|Can exchange for other Reserved Instances across any region and series||Discount is applied to all instances in the same region, but you cannot change the size, family, or region of the commitment after purchase|
|Payment options||All upfront (for highest cost savings)
Monthly (with no loss of discount)
|Potential cost savings compared to on-demand||Up to 72%||Up to 72% (and up to 80% with Azure Hybrid Benefit)||Up to 70%|
AWS offers two primary discount programs: Reserved Instances and Savings Plans. The primary difference between the two is that Reserved Instances offer a discount against on-demand pricing depending on committed utilization, whereas Savings Plans offer a discount depending on committed spend.
Currently, the services covered by Reserved Instances include EC2, RDS, Redshift, ElastiCache, Elasticsearch, and DynamoDB, while Savings Plans include EC2, Fargate, and Lambda services. However, we expect AWS will extend these programs to cover more services in the future.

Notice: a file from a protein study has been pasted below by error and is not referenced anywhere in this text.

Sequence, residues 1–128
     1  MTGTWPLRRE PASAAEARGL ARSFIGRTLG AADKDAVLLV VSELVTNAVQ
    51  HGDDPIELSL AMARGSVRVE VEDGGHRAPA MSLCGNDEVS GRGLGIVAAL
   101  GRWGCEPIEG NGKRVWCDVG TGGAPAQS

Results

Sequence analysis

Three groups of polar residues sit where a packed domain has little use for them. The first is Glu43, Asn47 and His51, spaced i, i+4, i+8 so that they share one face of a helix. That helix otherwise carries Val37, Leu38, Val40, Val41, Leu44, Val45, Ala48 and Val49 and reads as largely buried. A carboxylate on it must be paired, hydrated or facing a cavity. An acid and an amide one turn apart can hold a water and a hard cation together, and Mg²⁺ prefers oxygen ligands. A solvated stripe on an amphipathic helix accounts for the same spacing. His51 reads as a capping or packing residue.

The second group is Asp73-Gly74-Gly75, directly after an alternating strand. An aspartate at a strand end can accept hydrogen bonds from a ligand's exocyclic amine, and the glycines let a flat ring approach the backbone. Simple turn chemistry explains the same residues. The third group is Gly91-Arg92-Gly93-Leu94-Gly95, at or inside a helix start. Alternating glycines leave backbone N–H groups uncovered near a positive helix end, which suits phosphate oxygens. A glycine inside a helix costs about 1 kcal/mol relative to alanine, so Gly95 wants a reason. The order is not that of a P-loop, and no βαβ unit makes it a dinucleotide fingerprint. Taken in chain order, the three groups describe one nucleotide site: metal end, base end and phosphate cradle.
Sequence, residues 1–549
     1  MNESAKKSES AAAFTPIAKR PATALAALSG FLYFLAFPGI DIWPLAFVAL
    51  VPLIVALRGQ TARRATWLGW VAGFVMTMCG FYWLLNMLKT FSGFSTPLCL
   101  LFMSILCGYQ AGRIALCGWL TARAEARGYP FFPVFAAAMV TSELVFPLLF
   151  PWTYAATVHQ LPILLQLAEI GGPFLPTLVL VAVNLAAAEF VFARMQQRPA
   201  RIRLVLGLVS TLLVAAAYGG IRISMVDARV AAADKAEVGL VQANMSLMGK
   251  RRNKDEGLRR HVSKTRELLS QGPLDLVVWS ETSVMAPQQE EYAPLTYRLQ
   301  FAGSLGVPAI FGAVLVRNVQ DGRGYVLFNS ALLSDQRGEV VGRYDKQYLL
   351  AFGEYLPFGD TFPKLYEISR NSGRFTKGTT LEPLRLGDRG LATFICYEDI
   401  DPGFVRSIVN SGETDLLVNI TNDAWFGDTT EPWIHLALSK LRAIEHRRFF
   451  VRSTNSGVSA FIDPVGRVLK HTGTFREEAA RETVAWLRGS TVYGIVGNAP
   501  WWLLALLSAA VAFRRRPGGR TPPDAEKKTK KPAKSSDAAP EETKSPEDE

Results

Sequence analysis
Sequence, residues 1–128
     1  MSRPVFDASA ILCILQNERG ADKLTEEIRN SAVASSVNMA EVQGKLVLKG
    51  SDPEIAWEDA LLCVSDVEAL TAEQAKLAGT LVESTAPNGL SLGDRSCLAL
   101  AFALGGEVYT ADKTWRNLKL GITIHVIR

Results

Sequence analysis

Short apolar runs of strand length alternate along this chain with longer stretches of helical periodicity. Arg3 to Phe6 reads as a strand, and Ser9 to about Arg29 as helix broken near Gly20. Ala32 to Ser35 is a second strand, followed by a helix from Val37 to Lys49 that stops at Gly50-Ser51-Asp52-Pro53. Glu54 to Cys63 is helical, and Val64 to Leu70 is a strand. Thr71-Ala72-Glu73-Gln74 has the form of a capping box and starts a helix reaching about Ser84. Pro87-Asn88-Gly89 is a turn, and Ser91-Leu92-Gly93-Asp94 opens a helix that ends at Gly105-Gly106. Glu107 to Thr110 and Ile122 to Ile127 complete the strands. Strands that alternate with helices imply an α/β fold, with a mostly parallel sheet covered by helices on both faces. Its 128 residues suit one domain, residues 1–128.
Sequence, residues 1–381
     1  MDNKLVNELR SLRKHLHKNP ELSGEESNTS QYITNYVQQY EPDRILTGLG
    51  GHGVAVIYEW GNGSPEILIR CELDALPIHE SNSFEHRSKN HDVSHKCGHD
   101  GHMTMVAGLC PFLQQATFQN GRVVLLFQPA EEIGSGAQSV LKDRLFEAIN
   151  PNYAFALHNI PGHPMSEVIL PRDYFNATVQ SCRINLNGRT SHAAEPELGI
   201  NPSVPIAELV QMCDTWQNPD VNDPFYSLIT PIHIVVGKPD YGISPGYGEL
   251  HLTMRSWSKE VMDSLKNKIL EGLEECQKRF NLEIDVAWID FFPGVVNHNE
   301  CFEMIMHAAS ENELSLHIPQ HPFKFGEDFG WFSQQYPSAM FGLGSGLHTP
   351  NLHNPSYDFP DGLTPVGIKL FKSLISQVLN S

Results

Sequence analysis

Similar to AWS' Reserved Instances, Microsoft offers Azure Reserved VM Instances (also called "reservations"), which provide customers an opportunity to reduce costs by committing to a specified use over a one- or three-year term. Customers have the option to pay all upfront or monthly, with no loss of discount. While Reserved VM Instances are the most popular among CloudHealth customers, you can purchase more than 15 different services with Azure reservations, including database, storage, and data and analytics services.
Google's primary discount programs are Committed Use Discounts (CUDs) and Sustained Use Discounts (SUDs). Although CUDs apply to fewer services than AWS, they are a strong competitor to AWS Reserved Instances, given they offer greater discounts than AWS' no upfront payment option and do not require upfront payment costs of their own. They also apply to Google's customizable VMs, providing customers flexibility based on their workload's unique usage and memory requirements.